Low-value diagnostic imaging use in the pediatric emergency department in the United States and Canada
Cohen E, Rodean J, Diong C, Hall M, Freedman SB, Aronson PL, Simon HK, Marin JR, Samuels-Kalow M, Alpern ER, Morse RB, Shah SS, Peltz A, Neuman MI. JAMA Pediatr. 2019; 173(8):e191439. Epub 2019 Jun 3. DOI: https://doi.org/10.1001/jamapediatrics.2019.1439
Importance — Diagnostic imaging overuse in children evaluated in emergency departments (EDs) is a potential target for reducing low-value care. Variation in practice patterns across Canada and the United States stemming from organization of care, payment structures, and medicolegal environments may lead to differences in imaging overuse between countries.
Objective — To compare overall and low-value use of diagnostic imaging across pediatric ED visits in Ontario, Canada, and the United States.
Design, Setting, and Participants — This study used administrative health databases from 4 pediatric EDs in Ontario, Canada, and 26 in the United States in calendar years 2006 through 2016. Individuals 18 years and younger who were discharged from the ED, including after visits for diagnoses in which imaging is not routinely recommended (eg, asthma, bronchiolitis, abdominal pain, constipation, concussion, febrile convulsion, seizure, and headache) were included. Data analysis occurred from April 2018 to October 2018.
Exposures — Diagnostic imaging use.
Main Outcome and Measures Overall and condition-specific low-value imaging use. Three-day and 7-day rates of hospital admission and those admissions resulting in intensive care, surgery, or in-hospital mortality were assessed as balancing measures.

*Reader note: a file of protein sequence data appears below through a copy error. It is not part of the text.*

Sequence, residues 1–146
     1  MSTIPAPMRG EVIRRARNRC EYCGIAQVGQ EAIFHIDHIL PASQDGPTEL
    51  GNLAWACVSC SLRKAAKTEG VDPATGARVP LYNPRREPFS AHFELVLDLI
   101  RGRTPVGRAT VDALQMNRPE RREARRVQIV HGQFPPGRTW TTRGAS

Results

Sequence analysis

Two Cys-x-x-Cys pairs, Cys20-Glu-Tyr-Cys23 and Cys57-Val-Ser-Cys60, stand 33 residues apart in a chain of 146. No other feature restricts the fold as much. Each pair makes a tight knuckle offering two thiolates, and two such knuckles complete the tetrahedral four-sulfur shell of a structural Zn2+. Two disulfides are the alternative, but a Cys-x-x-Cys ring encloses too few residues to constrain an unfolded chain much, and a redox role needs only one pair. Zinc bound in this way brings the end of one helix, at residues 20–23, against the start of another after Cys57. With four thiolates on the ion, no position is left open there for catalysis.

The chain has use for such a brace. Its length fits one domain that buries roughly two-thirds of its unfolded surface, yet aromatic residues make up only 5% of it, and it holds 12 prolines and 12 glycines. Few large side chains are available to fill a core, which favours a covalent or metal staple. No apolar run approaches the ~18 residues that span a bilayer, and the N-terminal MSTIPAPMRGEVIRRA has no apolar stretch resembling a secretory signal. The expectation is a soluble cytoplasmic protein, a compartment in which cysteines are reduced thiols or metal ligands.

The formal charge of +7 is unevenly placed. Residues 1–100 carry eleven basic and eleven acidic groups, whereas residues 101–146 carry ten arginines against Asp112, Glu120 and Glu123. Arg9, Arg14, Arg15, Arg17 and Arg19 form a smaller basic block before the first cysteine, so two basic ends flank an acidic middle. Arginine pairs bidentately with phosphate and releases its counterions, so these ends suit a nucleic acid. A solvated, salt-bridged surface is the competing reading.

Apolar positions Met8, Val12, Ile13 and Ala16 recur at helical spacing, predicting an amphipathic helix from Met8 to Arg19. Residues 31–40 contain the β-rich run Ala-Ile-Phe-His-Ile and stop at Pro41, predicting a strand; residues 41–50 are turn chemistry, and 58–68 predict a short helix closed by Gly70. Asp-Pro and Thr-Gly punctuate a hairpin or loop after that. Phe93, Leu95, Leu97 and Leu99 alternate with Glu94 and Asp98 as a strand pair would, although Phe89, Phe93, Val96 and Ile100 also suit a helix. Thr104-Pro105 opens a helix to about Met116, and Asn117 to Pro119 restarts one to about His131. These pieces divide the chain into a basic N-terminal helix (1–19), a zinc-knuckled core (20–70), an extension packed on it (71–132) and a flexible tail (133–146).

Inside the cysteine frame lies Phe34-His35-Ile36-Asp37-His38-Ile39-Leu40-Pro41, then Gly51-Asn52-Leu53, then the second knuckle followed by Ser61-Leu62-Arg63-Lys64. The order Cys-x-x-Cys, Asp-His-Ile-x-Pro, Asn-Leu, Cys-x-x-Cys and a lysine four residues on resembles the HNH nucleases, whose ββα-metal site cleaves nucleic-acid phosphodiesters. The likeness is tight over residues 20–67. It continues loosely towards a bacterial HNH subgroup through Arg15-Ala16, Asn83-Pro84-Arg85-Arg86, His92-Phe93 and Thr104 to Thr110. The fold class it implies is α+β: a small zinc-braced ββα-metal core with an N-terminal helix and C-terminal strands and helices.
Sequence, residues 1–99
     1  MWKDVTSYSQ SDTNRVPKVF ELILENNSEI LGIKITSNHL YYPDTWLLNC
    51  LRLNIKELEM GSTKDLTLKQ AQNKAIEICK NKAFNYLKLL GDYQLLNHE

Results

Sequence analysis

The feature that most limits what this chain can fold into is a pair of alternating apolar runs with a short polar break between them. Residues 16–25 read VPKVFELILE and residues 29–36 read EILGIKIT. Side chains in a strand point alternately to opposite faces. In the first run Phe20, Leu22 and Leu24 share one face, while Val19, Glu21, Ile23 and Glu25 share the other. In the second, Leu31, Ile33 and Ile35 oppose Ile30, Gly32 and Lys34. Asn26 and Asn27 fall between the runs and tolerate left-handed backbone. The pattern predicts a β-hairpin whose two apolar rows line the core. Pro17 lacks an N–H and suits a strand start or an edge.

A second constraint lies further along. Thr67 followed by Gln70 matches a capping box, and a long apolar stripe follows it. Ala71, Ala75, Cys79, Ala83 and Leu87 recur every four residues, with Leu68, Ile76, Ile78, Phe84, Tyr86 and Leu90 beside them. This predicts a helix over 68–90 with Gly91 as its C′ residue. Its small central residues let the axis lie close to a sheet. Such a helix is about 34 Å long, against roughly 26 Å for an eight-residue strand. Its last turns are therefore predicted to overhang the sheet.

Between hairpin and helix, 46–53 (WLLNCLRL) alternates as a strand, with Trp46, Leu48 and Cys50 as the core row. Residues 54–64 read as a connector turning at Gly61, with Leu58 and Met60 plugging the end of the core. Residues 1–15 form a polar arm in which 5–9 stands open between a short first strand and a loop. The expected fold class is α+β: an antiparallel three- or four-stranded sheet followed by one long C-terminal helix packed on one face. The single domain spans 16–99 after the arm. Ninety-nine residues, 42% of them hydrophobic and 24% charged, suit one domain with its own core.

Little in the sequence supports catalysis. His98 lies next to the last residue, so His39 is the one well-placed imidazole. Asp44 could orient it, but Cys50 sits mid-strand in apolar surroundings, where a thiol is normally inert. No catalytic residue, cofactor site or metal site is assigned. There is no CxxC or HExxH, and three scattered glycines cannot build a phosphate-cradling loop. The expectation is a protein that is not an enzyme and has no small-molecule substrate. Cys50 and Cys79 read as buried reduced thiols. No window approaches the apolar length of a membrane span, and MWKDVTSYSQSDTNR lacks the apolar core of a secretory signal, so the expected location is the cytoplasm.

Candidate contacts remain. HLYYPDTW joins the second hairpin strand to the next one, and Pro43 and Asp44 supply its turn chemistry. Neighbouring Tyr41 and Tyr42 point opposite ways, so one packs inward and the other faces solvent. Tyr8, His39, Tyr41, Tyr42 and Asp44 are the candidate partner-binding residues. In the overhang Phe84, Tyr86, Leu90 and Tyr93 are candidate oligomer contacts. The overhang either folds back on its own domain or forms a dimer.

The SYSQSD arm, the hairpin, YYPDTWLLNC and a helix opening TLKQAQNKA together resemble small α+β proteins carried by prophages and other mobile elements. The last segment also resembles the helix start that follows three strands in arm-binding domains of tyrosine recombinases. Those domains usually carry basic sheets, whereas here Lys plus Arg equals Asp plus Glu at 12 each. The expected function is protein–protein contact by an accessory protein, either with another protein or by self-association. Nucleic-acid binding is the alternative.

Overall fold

Results — A total of 1 783 752 visits in Ontario, Canada, and 21 807 332 visits in the United States were analyzed. Compared with visits in the United States, those in Canada had lower overall use of head computed tomography (Canada, 22 942 [1.3%] vs the United States, 753 270 [3.5%]; P < .001), abdomen computed tomography (5626 [0.3%] vs 211 018 [1.0%]; P < .001), chest radiographic imaging (208 843 [11.7%] vs 3 408 540 [15.6%]; P < .001), and abdominal radiographic imaging (77 147 [4.3%] vs 3 607 141 [16.5%]; P < .001). Low-value imaging use was lower in Canada than the United States for multiple indications, including abdominal radiographic images for constipation (absolute difference, 23.7% [95% CI, 23.2%-24.3%]) and abdominal pain (20.6% [95% CI, 20.3%-21.0%]) and head computed tomographic scans for concussion (22.9% [95% CI, 22.3%-23.4%]). Abdominal computed tomographic use for constipation and abdominal pain, although low overall, were approximately 10-fold higher in the United States (0.1% [95% CI, 0.1%-0.2%] vs 1.2% [95% CI, 1.2%-1.2%]) and abdominal pain (0.8% [95% CI, 0.7%-0.9%] vs 7.0% [95% CI, 6.9%-7.1%]). Rates of 3-day and 7-day post-ED adverse outcomes were similar.
Conclusions and Relevance — Low-value imaging rates were lower in pediatric EDs in Ontario, Canada, compared with the United States, particularly those involving ionizing radiation. Lower use of imaging in Canada was not associated with higher rates of adverse outcomes, suggesting that usage may be safely reduced in the United States.